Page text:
The Brown Plan British Banks Line Up for Bailouts
To calm the financial panic, the British government has stepped in to save three major banks. So far, the markets like the news.
British Prime Minister Gordon Brown's reputation has improved through his handling of the financial crisis.
At this point the news has been well-received by the markets, which had been under relentless selling pressure. The benchmark FTSE 100 index ended the day up nearly 8.3 percent, though shares of the three banks opting for government ownership were all down. HBOS was hardest hit, falling about 27 percent on news that Lloyds TSB would be lowering an outstanding offering price to take over the mortgage lender.
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With these moves, which were first outlined Oct. 8, the British government has taken the pole position in trying to solve what has rapidly become a global financial crisis. On Oct. 12 other European countries signed on to what appeared to be the general outlines of the British approach. Germany, for instance, outlined a program on Oct. 13 to provide up to $672 billion in loan guarantees and possible capital injections, while French President Nicolas Sarkozy announced a similar plan the same day at a cost of up to $491 billion. The British also seem to be having some influence in the US, where the Bush Administration is considering modifying its bailout plan to provide capital injections into troubled institutions.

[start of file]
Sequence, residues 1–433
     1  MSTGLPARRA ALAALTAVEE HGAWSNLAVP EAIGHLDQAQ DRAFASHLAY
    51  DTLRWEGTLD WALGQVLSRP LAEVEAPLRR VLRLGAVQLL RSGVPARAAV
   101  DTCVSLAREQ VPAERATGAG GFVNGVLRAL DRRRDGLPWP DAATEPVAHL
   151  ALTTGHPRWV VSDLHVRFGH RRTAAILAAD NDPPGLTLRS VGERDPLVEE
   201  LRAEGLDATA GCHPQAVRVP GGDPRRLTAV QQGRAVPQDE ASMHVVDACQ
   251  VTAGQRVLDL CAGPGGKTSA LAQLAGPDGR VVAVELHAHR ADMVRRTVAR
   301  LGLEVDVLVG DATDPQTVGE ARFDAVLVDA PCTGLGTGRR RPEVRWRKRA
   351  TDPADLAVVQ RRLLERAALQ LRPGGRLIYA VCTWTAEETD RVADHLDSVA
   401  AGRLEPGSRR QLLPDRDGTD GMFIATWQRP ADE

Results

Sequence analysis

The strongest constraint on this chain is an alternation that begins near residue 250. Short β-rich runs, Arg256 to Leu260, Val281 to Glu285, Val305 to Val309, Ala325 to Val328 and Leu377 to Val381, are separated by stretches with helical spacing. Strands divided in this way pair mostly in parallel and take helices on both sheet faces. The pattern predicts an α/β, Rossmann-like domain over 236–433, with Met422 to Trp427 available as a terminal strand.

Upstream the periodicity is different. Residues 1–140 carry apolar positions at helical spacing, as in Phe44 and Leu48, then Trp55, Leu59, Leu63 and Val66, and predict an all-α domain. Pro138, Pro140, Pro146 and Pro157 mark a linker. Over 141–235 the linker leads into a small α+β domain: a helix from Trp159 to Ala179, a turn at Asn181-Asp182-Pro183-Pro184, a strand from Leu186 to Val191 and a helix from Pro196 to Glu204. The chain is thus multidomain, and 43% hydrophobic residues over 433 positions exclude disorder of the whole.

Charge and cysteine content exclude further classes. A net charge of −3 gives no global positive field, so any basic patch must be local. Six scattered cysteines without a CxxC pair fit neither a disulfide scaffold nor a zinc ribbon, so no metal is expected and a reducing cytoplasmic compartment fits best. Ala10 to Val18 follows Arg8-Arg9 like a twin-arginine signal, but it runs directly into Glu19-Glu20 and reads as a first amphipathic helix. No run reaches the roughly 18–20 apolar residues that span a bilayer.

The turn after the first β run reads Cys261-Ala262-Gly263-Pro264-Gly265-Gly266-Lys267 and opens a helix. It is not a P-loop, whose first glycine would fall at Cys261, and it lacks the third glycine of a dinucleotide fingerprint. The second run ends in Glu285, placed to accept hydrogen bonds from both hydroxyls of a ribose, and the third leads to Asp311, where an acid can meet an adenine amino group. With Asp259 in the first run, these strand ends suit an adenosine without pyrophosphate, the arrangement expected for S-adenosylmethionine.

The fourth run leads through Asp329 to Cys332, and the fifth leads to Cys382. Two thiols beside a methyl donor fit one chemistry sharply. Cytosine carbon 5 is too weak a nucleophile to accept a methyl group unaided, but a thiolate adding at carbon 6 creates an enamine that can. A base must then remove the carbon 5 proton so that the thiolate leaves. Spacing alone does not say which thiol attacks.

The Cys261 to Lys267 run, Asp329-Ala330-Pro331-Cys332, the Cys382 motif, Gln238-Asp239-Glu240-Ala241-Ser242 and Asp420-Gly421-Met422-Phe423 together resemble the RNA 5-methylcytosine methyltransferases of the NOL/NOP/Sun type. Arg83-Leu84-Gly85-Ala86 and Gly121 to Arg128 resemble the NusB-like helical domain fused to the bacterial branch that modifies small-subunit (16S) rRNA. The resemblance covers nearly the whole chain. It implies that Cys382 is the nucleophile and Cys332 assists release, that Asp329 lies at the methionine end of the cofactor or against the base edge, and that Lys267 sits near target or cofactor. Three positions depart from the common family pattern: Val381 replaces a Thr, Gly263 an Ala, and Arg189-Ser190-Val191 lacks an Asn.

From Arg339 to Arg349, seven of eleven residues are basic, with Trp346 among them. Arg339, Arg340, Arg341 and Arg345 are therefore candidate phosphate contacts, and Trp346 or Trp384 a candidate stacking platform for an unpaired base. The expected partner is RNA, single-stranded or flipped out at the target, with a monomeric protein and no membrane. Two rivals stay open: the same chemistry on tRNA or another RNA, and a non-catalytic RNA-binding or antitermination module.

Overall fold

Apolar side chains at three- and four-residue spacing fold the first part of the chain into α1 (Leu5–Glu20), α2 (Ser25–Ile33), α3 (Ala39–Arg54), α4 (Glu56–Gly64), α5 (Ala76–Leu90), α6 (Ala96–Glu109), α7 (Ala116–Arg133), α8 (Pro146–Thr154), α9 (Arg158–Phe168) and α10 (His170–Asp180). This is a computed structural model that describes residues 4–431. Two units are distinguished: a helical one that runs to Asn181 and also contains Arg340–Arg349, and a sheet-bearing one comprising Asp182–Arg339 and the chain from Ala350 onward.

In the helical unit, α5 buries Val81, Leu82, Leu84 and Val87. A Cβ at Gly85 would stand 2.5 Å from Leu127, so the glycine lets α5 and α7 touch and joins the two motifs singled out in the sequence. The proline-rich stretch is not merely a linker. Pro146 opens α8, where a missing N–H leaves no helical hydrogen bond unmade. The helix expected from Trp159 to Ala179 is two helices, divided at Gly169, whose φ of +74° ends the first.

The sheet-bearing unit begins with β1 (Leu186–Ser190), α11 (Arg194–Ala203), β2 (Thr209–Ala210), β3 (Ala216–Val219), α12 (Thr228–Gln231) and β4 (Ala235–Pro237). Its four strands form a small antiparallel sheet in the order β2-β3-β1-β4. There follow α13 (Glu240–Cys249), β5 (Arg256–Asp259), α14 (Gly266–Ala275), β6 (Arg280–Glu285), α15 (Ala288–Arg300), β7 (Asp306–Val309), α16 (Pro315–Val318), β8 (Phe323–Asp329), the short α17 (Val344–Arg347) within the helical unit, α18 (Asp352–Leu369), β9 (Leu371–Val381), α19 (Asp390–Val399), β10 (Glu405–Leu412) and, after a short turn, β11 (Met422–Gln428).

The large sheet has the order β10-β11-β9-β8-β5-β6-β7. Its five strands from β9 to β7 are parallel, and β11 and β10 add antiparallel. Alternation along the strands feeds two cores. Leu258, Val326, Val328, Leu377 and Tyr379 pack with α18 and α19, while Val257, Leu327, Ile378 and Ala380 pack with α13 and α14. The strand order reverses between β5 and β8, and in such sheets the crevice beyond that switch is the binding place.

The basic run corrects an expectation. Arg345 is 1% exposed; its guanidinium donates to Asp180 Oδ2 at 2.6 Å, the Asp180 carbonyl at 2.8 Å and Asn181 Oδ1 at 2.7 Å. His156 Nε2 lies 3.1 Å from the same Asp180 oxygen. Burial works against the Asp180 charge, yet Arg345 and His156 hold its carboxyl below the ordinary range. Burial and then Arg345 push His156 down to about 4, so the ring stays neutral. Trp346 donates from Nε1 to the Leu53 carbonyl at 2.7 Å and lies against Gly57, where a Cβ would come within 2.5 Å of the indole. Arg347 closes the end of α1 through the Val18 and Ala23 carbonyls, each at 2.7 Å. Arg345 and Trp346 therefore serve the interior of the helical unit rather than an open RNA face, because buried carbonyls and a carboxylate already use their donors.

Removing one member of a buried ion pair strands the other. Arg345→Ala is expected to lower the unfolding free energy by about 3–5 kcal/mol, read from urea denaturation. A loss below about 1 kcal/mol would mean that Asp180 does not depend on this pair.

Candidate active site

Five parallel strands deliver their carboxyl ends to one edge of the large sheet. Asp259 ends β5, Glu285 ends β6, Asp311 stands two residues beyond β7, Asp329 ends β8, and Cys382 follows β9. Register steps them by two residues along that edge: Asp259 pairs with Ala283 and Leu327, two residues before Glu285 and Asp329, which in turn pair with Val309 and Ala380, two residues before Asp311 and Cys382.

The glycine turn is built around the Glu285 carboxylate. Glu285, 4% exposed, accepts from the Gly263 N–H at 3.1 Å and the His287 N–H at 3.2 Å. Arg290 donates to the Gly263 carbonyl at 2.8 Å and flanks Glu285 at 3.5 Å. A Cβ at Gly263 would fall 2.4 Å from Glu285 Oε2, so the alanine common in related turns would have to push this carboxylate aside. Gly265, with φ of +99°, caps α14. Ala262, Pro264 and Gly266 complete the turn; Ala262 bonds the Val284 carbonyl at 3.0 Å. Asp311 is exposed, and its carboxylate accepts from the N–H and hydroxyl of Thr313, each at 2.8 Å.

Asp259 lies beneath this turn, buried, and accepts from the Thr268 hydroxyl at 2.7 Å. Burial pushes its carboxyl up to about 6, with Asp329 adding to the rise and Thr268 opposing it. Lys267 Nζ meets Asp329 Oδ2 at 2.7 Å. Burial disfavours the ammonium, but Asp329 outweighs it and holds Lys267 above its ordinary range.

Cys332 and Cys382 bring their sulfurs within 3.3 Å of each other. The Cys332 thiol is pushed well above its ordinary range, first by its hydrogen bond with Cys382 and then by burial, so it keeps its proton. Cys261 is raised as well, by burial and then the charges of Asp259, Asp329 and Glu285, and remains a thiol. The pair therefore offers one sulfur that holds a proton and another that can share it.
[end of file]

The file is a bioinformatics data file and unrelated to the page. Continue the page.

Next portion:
A Boost For Brown
The British initiative has also immensely improved the domestic political standing of Prime Minister Gordon Brown, who has been transformed in a matter of weeks from a leader facing huge poll deficits and calls for a leadership contest from members of his own party in Parliament to an international financial statesman. Whether Brown can win the next election, which must be held by 2010, is still in question, but he is in his best political shape in more than a year with the critics, at least temporarily, silenced. On Oct. 13, Brown, reveling in this new status, called on the world to build a "new Bretton Woods a new international financial architecture" appropriate for the age of globalized finance.
There is immense pressure on Britain and Brown to prevent an implosion of the world financial system. Along with New York, London has been one of the key drivers -- and beneficiaries -- of the financial innovations of the past two decades. Of the British banks targeted by Brown's plan, only Barclays is a major player in the trading, corporate finance, and merger advisory that form the core of activity in the City of London, Europe's closest equivalent to Wall Street. Instead, the City is mainly dominated by the likes of Morgan Stanley, Goldman Sachs, Deutsche Bank, and UBS. If they are allowed to fail or fall into steep decline, Britain will be hurt, but Brown needs other financial powers -- especially the US -- to help support those banks.